Daily Prompt: Is political correctness a useful concept, or does it stifle honest discussion?
Definition of politically correct:
1. Of, relating to, or supporting broad social, political, and educational change, especially to redress historical injustices in matters such as race, class, gender, and sexual orientation.
2. Being or perceived as being overly concerned with such change, often to the exclusion of other matters.
I first heard the terms “political correctness” and “politically correct” when I emigrated, some twenty years ago. I use the terms myself, mostly in the first sense of the definition given above.
Words like “nigger”, “fatso”, “cunt” and “faggot” are hurtful, hateful and destructive words and not using them as such would, in itself, already be a major social change. I definitely agree with that, and we’re nowhere near there yet.
In Lady Chatterley’s Lover, D.H. Lawrence tried to singlehandedly change the words “cunt”, “cock” and “fuck” into pleasant terms, the idea being that sex and love and the human body were not dirty, shameful things, but rather beautiful, essential aspects of life, and so the words associated with them shouldn’t be taboo. Instead of avoiding the words for body parts and sex that had negative connotations, he tried to make them positive. Of course he failed, though I admire the attempt and the guts–it was 1928 and the book was banned in Britain until 1960, thirty years after his death.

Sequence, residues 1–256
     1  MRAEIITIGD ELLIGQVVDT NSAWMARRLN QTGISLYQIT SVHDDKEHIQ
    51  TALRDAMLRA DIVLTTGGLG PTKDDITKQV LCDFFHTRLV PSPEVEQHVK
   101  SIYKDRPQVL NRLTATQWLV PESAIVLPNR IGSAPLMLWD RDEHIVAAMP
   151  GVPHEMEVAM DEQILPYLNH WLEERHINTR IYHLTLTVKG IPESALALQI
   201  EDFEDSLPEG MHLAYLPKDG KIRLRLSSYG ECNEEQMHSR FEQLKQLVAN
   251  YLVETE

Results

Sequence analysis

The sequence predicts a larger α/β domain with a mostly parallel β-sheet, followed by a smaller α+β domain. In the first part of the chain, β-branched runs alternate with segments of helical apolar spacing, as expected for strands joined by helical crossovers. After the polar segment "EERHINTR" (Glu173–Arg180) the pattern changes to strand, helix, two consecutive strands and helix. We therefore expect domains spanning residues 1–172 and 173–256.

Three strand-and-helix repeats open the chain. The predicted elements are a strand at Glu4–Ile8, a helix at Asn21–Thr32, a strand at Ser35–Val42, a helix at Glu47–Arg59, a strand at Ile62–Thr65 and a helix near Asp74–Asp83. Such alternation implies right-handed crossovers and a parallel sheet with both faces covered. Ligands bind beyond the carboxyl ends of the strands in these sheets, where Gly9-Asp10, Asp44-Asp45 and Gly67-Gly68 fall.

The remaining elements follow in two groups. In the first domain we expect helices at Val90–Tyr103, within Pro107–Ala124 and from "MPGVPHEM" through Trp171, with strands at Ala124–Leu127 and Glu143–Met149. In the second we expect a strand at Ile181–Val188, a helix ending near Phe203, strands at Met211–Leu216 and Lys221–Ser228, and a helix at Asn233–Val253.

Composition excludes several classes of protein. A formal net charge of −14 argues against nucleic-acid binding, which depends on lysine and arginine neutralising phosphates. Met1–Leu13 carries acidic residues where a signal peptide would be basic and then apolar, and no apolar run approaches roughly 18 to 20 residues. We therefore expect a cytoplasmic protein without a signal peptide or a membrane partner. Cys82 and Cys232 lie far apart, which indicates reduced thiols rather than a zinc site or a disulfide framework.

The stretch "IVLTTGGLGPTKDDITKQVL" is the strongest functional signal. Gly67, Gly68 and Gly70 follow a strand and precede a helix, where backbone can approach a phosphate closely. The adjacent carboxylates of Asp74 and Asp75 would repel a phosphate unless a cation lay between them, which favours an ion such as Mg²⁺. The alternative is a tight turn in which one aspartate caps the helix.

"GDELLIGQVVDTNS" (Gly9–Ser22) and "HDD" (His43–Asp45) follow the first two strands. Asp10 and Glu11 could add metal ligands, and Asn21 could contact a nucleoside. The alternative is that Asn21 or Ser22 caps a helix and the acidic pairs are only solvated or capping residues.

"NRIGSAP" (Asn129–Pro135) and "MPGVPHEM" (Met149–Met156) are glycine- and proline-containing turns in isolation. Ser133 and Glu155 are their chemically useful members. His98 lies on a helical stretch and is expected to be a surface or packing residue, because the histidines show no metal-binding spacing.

So “cunt”, originally a swear word–or slang if you will–for “vagina” is now used to refer to the bearers of this body part. It suggests that women are no more than their reproductive organs, and that’s offensive. Among certain sections of society–poor, painfully undereducated white males with a chip on either their right or their left shoulder–the word “cunt” is apparently used to refer to any female or just as an obscenity to sling around just for the fun of it. And any man who these guys don’t agree with is a “cocksucker”. You just have to read some of the comments to my open letter to Mark Kessler to see that I’m not exaggerating. And I’m not even allowing the worst of them.
D.H. Lawrence tried to change sexual swear words into positives and in some way, I suppose the same is being done with the word “nigger”. “You’re my nigger” pretty much means “You’re my brother” or “You’re my pal”. But only when said by one black person to another. I try my hardest to understand it, I really do. I understand if the the philosophy behind it (if there even is a philosophy behind it) is to disconnect the word from the hated slave owners and racist whites of the past and to turn it into something positive.